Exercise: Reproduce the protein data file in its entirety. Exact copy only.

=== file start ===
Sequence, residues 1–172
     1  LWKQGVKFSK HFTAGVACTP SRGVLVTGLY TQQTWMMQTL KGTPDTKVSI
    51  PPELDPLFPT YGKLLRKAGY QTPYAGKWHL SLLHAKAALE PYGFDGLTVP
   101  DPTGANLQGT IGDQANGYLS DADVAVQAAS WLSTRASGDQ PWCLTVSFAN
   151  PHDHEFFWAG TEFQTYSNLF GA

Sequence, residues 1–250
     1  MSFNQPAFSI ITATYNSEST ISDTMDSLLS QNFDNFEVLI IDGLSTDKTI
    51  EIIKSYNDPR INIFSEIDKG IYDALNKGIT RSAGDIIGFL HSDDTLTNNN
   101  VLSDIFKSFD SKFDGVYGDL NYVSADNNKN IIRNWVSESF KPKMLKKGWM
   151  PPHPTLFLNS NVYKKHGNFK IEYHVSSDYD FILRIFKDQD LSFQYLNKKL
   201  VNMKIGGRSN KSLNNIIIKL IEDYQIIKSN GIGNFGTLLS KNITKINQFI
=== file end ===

Sequence, residues 1–172
     1  LWKQGVKFSK HFTAGVACTP SRGVLVTGLY TQQTWMMQTL KGTPDTKVSI
    51  PPELDPLFPT YGKLLRKAGY QTPYAGKWHL SLLHAKAALE PYGFDGLTVP
   101  DPTGANLQGT IGDQANGYLS DADVAVQAAS WLSTRASGDQ PWCLTVSFAN
   151  PHDHEFFWAG TEFQTYSNLF GA

Sequence, residues 1–250
     1  MSFNQPAFSI ITATYNSEST ISDTMDSLLS QNFDNFEVLI IDGLSTDKTI
    51  EIIKSYNDPR INIFSEIDKG IYDALNKGIT RSAGDIIGFL HSDDTLTNNN
   101  VLSDIFKSFD SKFDGVYGDL NYVSADNNKN IIRNWVSESF KPKMLKKGWM
   151  PPHPTLFLNS NVYKKHGNFK IEYHVSSDYD FILRIFKDQD LSFQYLNKKL
   201  VNMKIGGRSN KSLNNIIIKL IEDYQIIKSN GIGNFGTLLS KNITKINQFI